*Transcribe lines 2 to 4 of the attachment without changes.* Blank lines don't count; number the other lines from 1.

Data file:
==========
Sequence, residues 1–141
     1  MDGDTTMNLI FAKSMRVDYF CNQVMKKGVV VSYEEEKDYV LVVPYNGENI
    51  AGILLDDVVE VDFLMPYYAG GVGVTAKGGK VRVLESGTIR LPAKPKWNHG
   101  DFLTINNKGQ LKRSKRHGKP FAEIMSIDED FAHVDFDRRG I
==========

     1  MDGDTTMNLI FAKSMRVDYF CNQVMKKGVV VSYEEEKDYV LVVPYNGENI
    51  AGILLDDVVE VDFLMPYYAG GVGVTAKGGK VRVLESGTIR LPAKPKWNHG
   101  DFLTINNKGQ LKRSKRHGKP FAEIMSIDED FAHVDFDRRG I